Hi, it’s Catherine here today, the C of C.D. Hersh. I learned a new word the other day—pareidolia (parr-i-DOH-lee-ə), and I thought it might be fun to share it on the SMP blog today
Pareidolia means to see meaning where there is none. It is also defined as the tendency to interpret a vague stimulus as something known to the observer. The Skeptic’s Dictionary defines it as a type of illusion or misperception involving a vague or obscure stimulus being perceived as something clear and distinct. In other words, we see something, hear something, or smell something where there really isn’t anything.
I don’t know about you, but I’ve been experiencing pareidolia all my life, in more ways than one. I’ve often inserted meaning into conversations with people who made absolutely innocent statements than I’ve taken umbrage to. I’ve interpreted vague stimuli as clear, distinct invitations to do something when the person I was talking to had no intention of going in that direction.
I have frequently been guilty of the more appropriate definition of the word whenever I see objects in the clouds,
in the swirls in the linoleum
in shadows on the walls
I can clearly see the man in the moon face, the faces on the surface on Mars,
and the Horsehead Nebula in the NASA pictures
I hear the phone ringing in the shower, when it’s not ringing. I smell things on the air when no one else does, (and have on several occasions known what my mother was fixing for dinner because I smelled it a mile away) and yes, I’ve heard the hidden words in In A Gadda Da Vida played backwards.
Skeptics would say our brains are wired to see faces and that’s why we see them where none really exist—there’s really nothing there but random patterns. But I rather like the other, more mysterious approach to pareidolia—the one that leaves me with goosebumps, averting my eyes from the devil in the door, and whooping out a big OOOOHHH whenever I see something unexpected on my burned toast or staring at me from the electrical plug on the kitchen wall.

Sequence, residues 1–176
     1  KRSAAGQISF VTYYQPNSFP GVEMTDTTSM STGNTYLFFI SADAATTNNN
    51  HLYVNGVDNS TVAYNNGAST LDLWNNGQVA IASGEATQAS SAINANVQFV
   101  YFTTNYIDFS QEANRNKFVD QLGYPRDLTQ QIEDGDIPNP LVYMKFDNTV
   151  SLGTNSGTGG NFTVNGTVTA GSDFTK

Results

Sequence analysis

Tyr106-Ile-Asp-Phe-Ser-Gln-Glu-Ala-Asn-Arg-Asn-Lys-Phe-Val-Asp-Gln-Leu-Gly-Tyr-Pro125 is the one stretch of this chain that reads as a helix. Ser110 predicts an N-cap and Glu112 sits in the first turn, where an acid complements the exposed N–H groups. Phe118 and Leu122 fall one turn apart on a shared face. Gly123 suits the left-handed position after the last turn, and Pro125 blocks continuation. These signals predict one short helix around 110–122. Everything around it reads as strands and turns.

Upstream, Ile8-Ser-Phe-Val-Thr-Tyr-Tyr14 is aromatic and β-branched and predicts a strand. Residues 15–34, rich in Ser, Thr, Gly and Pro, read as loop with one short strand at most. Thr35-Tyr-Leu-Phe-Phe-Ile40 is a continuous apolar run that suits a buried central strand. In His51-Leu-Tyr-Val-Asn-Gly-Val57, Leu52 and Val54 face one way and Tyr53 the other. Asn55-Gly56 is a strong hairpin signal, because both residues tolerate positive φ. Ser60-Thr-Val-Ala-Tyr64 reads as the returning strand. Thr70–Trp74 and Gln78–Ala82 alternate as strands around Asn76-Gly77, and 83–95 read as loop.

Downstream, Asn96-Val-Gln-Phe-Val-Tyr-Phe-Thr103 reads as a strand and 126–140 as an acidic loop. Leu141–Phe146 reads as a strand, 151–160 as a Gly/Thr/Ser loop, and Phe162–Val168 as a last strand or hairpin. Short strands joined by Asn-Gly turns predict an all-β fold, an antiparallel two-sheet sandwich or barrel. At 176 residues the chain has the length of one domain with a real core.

Skeptics believe the misty faces peering over the shoulders of people in dimly lit photos are just random shapes, not real faces—or maybe I should say dead, spooky faces people claim them to be. Because I can see them so clearly they might claim I have an overactive imagination, but that’s okay too. I revel in that imagination. It’s what makes me a writer. It keeps life interesting, and it gives me something to do when I’m staring for hours at watermarks in the ceiling at the doctors’ offices.
I’m never bored if there’s a random pattern somewhere in my sight line. I’m always searching for that illusive picture. And who knows … I might see something someday that inspires a new story. After all, what is writing but the sparking of a vague, obscure stimulus into something that’s clear and distinct?
Here’s a few pareidolia pictures you might enjoy. Do you have one of your own favorites?